A few days ago I dumped my bike. I was riding with my friend Tobi (a super awesome moto-riding-plant-and-duck-guru-neighbor woman), and with Scott, on Skyline Drive near Bountiful Utah. The ride is incredible. 25 miles of rocky dirt roads winding through the Wasatch Front through high elevation wildflowers, Mud-Dog lakes, and sweeping views of the Great Salt Lake. The last 4-miles, however, challenged me with one of my great fears. A 1,000 foot cliff met the edge of the narrow road. I have a strange fear of heights and my annoying vertigo sent visions of me and my friends plummeting to our death through my mind.
If i went careening - what would I say into my bluetooth headset? What would my last words be as I fell to my death? Would my friends have last words as they met theirs? I hate fear.
Near the end of the road, as I tried to tame my brain and drive at the same time, we came to a hairpin turn. The entire turn was exposed to a cliff. At the apex of the corner, I hit a sandy patch and was afraid to accelerate through it, in the face of what some yet-to-be-conquered part of my brain was sure was imminent death. I could blame my sticky throttle, but the fact is that I dumped the bike. Maybe I could have saved it, but I was, honestly, afraid.
The worst part of dumping a bike is the embarrassment.
A kind man on a 4-wheeler stopped and picked up my 450 pound beast. I didn't thank him. The only thing I could say was "'shit.... I wanted to try to pick it up,' which was quite true; I wanted to pick it up but some of that stubborn I-want-to-do-it attitude also comes from the pressure I feel. The pressure that is put on me, and all women, who, well... do ANYTHING 'tough' or 'cool' or (the worst) 'manly.' We have to be extra tough. We must flip off the men who whistle at us from their trucks, and the ones who ask us out on dates at stop lights. We must excel, or be judged and called 'a girl' (this term should be one of high praise, but it's connotations make it into what is undoubtedly one of the most harmful colloquialisms of our times.) All eyes are on us. Can we hack it? Do we have the nerve?
Sometimes I project my ideas of others' perception of me onto them. It's not fair to them, I know. It's also not fair that my projections and perceptions come from years of living in 'a man's world' where I have experienced violence, sexism, wage-gaps, sexualization of my person, discrimination, and harassment. Only. Only because I am a woman. A strong, independent, round, intelligent, creative, problem-solving, real, woman. But let's move on...
I was also afraid the first time I rode my first motorcycle. The 350. A junker 1992 Yamaha enduro that I bought for a grand. My first experience with motorcycles was playing with the clutch on a slight incline. Then my neighbor took me to a parking lot and made me practice braking, skidding, and turns. Scary, yes, but northing like the first few solo-rides around the block that I took. A neighbor saw me and said she was afraid for my life. To be honest, so was I.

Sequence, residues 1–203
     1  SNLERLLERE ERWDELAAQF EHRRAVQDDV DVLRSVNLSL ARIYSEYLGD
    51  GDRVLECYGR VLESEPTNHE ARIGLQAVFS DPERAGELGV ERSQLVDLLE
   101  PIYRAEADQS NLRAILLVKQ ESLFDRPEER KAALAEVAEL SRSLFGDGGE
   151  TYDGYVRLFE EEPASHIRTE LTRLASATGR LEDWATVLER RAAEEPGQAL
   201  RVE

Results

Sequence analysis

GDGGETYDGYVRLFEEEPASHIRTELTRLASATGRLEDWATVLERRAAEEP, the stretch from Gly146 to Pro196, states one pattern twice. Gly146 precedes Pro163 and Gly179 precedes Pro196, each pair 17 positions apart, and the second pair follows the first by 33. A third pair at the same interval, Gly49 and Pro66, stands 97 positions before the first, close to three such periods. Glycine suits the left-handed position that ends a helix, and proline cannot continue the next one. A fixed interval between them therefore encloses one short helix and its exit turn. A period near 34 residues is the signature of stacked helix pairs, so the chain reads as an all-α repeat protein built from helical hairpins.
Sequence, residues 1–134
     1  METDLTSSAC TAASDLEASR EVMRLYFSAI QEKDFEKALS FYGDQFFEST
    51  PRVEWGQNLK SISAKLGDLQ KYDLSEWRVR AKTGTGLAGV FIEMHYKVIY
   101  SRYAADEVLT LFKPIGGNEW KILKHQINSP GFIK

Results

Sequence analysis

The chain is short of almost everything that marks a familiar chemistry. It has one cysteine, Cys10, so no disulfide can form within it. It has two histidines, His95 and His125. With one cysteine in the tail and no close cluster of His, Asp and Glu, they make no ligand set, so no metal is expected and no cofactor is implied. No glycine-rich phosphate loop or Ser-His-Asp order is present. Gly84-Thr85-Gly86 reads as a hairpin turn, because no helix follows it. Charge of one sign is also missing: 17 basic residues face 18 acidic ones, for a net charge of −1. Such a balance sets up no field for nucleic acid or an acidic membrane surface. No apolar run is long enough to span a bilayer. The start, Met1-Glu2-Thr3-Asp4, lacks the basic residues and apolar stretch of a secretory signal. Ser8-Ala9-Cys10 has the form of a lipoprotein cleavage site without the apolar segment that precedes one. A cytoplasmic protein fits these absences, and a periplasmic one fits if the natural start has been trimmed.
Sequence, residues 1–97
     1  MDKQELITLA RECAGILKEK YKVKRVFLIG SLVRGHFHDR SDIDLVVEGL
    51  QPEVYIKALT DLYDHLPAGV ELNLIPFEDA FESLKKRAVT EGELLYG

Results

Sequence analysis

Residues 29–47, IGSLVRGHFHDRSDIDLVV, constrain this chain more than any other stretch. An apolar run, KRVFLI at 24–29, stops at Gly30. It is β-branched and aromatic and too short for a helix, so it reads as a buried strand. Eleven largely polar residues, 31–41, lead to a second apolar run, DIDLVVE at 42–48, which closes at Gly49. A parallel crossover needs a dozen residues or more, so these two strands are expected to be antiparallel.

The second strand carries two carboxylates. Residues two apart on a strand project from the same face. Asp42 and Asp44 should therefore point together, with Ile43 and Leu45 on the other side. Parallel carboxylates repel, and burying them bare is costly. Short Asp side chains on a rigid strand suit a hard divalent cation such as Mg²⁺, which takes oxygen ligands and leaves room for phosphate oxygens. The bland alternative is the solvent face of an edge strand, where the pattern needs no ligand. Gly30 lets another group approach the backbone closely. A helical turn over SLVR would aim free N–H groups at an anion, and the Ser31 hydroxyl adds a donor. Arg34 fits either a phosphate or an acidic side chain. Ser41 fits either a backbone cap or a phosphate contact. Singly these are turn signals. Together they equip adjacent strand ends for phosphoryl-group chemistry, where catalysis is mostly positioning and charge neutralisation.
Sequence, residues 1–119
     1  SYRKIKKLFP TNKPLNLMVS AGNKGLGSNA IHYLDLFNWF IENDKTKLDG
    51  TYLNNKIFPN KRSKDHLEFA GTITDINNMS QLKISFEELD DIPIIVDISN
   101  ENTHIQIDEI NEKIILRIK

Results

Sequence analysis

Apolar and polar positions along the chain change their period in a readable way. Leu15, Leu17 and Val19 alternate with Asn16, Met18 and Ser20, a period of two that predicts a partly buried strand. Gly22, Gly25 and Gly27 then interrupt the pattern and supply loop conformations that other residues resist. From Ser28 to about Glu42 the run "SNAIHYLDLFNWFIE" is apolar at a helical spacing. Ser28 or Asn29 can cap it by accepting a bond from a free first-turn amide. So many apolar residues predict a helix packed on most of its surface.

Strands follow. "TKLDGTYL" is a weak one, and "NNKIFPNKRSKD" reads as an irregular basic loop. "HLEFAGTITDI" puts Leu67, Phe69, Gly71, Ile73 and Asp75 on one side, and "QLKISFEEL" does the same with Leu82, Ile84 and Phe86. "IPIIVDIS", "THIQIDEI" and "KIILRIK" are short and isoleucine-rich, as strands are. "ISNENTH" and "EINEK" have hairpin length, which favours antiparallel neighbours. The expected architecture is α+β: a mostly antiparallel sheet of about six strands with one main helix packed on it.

The adrenaline was flowing. I rode over train tracks. I warped my brake rotor. My hands shook for at least 10 minutes after I shut the engine off in my driveway. I told myself that once upon a time I had learned to walk and to drive, and that those things were dangerous and scary then, but now I do them without a thought. Riding a Moto - I knew - would be the same. So I practiced. I rode the Salt Lake City canyons with Tobi. I rode dirt and downtowns with my friends. New riding styles were a constant challenge and learning experience for me.
I fixed my brakes and it got better. It got brilliant, and, in fact, one day I felt the joy of the curves and I overcame the fear. I conquered. I accelerated.
The first time I rode the 600XT was a 235 mile solo ride to Moab. It was hard, and new. I had never ridden the bike, or ridden on a highway - but I determined that I was up for the challenge. And I did it. I dropped that bike too. Broken Clutch Levers I now realize are a part of life. Now, to me, a broken lever is not a failure but a symbol of success.
Difficult things are worth doing.
I have taken on a challenge. I have failed sometimes, but ultimately I have succeeded as I knew I could. The objective of this story runs deep and has little to do with motorcycles. Keep on my friends, my sisters; tackle the things that seem a universe away. Take on the impossible - the strength is in you. Don't listen to what society or culture tells you. Flip off the jerks, call them out, or just ignore them (the jury is still out on the best way to handle cat-calls and harassment). But what the jury is not out on is that it's in you. I promise - you are so, so, so worthy of your dreams. Jump in!
Heartfelt thanks to Tobi Werkhousen, Scott Hathaway, Scott Dixon, and Kevin Bell for challenging and teaching me how to ride.
Thank you, you most amazing women: My sisters (Darcy and Misti), Samantha, Megan, Jamie, Ashley, Shaquille, Thalia, Tobi, Eliza, Melissa, Danielle, and all of the other wonderful women in the world, for inspiring me to follow my dreams and crush the opposition. I believe in you.